Sports specialization has become increasingly common amongst young athletes, as have the rates of both orthopedic injuries and major injuries such as ACL tears. These concerning trends are not coincidental, reports Mininder Kocher, MD, M.P.H, an orthopedic surgeon and the associate director of Boston Children’s Sports Medicine Division, in a recent presentation to the American Academy of Orthopedic Surgeons (AAOS).
A comprehensive assessment
Kocher’s study investigates the link between youth sports specialization and increased injury risk, utilizing 1997-2004 data from the Growing Up Today Study (GUTS) cohort study — a prospective assessment of youth throughout the United States that was done out of Brigham and Women’s Hospital, encompassing almost 12,000 youth and their injury history completed by the mothers, who are registered nurses.
In his study, Kocher looked at overuse injuries such as stress fractures and tendinitis, as well as acute injuries like ACL tears, and defined sports specialization as engaging in one specific sport in the fall, winter and spring.
Specialization versus activity level
One of the important questions Kocher sought to answer was whether an increase in injury risk was a direct result of specialization, or due to a greater volume of physical activity. “Prior studies looking at sports specialization haven’t been able to separate the two because they haven’t measured the hours per week of the vigorous activity,” Kocher explains. “This database really gave us the opportunity to delve deeper.”
The results were separated by both specific sports and gender. “In females, once we adjusted for the total hours per week of vigorous activity, the individual sports risks went away,” says Kocher. But for boys, the results showed an increased injury risk for individuals who specialized in baseball or gymnastics. Kocher believes that these findings are due to the repetitive throwing motion used in baseball — especially for young pitchers — and the repetitive impact that occurs during gymnastics.
This is the first study to suggest that the total hours per week of vigorous activity may actually be more of a factor than sports specialization.
A cultural shift
The recent shift in youth sports culture has led to younger kids playing at greater competitive levels and focusing on a single sport. “Many kids were specializing in a single sport in high school, but now it’s clearly established in middle school,” Kocher says. “We’re even starting to see it into grade school, where kids are playing sports like soccer all year-round.” It represents a paradigm shift, where many parents believe that focusing their child on a single sport will help make them more successful — but this theory isn’t supported by current research.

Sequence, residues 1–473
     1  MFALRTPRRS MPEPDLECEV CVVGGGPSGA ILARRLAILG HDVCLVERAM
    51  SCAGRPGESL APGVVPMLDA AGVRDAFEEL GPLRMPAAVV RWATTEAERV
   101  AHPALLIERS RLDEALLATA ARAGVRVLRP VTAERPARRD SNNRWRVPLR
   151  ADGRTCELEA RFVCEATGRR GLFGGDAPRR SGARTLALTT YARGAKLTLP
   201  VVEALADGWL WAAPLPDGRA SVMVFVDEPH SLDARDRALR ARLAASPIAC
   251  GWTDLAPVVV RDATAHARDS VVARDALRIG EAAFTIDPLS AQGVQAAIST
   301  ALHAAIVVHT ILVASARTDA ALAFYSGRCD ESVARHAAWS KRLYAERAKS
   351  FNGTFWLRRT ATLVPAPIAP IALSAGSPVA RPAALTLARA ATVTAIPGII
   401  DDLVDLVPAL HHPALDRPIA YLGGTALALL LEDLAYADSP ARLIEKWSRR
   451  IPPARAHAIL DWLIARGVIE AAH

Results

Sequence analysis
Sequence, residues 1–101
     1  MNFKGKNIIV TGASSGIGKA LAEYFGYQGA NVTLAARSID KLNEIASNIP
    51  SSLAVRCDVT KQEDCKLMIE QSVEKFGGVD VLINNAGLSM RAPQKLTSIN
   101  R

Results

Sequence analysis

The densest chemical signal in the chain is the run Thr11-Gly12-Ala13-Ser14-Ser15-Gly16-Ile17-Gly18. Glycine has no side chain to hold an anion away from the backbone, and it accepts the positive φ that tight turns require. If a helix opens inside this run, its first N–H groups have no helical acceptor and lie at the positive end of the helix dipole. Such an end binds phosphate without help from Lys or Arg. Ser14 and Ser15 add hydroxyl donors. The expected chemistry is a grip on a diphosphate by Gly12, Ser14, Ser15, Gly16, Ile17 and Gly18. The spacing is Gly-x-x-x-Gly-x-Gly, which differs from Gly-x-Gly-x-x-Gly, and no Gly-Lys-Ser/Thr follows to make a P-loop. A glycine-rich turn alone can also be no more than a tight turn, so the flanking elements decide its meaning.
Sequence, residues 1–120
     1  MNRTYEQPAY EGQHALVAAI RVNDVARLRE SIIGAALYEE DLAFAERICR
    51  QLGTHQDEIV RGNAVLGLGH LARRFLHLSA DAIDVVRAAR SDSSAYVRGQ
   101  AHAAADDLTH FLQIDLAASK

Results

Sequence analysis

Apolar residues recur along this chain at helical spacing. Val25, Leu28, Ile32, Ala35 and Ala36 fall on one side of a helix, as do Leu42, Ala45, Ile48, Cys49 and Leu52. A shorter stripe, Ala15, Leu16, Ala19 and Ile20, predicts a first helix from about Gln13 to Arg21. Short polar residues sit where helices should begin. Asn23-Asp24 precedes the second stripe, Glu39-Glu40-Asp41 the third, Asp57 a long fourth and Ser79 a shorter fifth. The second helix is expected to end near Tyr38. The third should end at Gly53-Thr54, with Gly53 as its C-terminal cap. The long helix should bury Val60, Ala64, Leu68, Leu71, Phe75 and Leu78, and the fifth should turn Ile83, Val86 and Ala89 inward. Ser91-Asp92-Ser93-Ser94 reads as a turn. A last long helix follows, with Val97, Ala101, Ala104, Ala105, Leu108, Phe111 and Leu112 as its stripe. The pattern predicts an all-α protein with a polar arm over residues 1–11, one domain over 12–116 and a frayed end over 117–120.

“There aren’t really a lot of data to suggest that early specialization results in better athletes,” explains Kocher. “Actually, there are a fair number of data looking at college and professional athletes showing that those who played multiple sports were more likely to end up playing sports in college and at professional levels. The ones who focused on a single sport were more likely to burn out or to get injured.”
In fact, by age 14, about 70 percent of children are dropping out of sports. This could be for several reasons; they are not able to make the team, they’ve developed other interests or they’re just burned out after focusing on one sport for so long. “For us, that is a really concerning statistic,” says Kocher.” We want to keep kids active. Being involved in sports is better for their physical and psychosocial health.”
“Our children are getting very dichotomized,” says Kocher. “We have this group of kids who aren’t active enough and are either obese or at risk of obesity. But on the other hand, we have this group of youth athletes who are overdoing it at high rates physically and are at risk for burnout psychologically.”
So how do you balance a child’s activity between too much vigorous activity and not enough activity?
Helping your patients find balance
Although there isn’t a definitive answer to this problem, Kocher does have recommendations on appropriate activity levels for youth. He is currently doing further analysis to find a threshold number of hours for each age group that keeps kids active without overdoing it.
“Our current recommendation is that the number of hours of vigorous sports activity per week should probably correlate to their age. This means that if the child is 12 years old, we recommend 12 or less hours of vigorous sports during the week.”
These recommended hours aren’t limited to all activity — just vigorous sports activity such as organized practices or games. Ultimately, the goal is to determine how we can better protect children and adolescents while also encouraging them to remain active. We know that sports can benefit kids both physically and psychosocially, but we’re now looking to refine the ways in which we encourage kids to participate.
Learn more about Boston Children’s Sports Medicine Division.